In Eq. (1), each notation is as follows: Ks: tangent stiffness matrix, Kg: geometric stiffness matrix, : incremental nodal displacement vector, and P: incremental nodal force vector. The powerful advantage of geometrically nonlinear analysis is that the method can produce destabilization, such as P-, of structures; bifurcation of the load path due to buckling behavior can be simulated: gradual hardening and softening. However, the approach can only provide asymptotic convergence to a buckling critical value, instead of a determinant value. Also, nonlinear solution techniques are required in the approach; the solution can be calculated applying the incremental equation form and nonlinear solvers should be used to loading path throughout pre- and post-peak behaviors of the structure due to buckling.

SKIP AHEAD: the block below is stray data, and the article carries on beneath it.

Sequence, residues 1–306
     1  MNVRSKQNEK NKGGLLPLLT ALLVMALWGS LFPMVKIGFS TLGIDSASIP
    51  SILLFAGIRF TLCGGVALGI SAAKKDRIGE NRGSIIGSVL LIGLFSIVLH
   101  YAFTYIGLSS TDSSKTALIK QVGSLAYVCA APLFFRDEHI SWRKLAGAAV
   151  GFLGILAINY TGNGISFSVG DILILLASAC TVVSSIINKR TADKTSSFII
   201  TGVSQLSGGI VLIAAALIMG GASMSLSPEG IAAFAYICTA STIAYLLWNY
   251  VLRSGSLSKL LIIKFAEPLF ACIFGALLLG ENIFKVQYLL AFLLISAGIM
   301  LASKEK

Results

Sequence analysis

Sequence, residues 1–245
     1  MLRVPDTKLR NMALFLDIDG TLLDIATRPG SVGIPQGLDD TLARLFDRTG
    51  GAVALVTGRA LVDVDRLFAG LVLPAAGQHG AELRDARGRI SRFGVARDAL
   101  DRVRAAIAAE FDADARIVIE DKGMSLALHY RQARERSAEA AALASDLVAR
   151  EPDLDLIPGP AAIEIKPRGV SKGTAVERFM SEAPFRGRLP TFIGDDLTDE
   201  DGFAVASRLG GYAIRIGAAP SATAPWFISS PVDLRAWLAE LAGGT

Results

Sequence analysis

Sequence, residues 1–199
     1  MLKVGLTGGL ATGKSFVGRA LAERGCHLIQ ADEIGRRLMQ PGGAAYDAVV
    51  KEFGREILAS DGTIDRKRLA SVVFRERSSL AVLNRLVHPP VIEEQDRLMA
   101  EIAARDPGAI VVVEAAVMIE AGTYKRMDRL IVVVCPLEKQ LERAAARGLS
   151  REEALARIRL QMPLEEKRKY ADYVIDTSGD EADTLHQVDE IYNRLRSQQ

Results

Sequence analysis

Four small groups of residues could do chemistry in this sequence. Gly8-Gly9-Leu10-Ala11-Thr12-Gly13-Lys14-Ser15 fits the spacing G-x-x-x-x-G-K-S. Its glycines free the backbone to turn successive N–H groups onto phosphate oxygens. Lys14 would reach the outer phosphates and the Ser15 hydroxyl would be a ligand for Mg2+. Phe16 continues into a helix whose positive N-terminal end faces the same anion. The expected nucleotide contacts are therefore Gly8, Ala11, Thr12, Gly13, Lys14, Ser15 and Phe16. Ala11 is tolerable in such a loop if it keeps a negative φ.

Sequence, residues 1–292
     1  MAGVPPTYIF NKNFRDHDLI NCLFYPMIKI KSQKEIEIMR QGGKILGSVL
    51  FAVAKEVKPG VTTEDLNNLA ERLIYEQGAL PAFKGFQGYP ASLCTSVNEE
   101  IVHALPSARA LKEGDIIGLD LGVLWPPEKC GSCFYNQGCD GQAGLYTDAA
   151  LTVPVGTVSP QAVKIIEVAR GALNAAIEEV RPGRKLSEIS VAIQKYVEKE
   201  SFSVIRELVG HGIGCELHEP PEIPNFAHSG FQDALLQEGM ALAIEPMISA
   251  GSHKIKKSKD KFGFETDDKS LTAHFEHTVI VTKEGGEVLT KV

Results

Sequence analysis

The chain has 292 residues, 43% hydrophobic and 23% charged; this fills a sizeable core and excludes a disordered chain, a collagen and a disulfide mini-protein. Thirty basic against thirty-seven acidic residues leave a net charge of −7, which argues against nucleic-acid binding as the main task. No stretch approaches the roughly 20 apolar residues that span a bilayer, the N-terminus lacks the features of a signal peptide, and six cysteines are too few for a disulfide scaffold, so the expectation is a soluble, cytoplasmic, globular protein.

Eigenvalue analysis

The elastic critical buckling load can be also determined from eigenvalue analysis of an idealized elastic model of the structure. In eigenvalue analysis, the eigenvalue and the eigenvectors mean the buckling load and the shape when the

structure is buckled, respectively. Eq. (2) is the matrix equation to determine the critical load and its shape:

s gg

In Eq. (2), each notation s as follows: Kgg: generalized geometric stiffness matrix, : loading multiplier, : nodal displacement vector, and : zero vector. Although the pre- buckling statics is required to estimate generalized stresses and Kgg, which is calculated using nodal displacement components considered boundary conditions, the approach is simpler and computationally light. During pre-buckling statics, the nodal displacements are affected by the load vector. As a result, unlike modal analysis for structural dynamics, the eigenvalue analysis for buckling analysis are affected displacement boundary conditions as well as load conditions.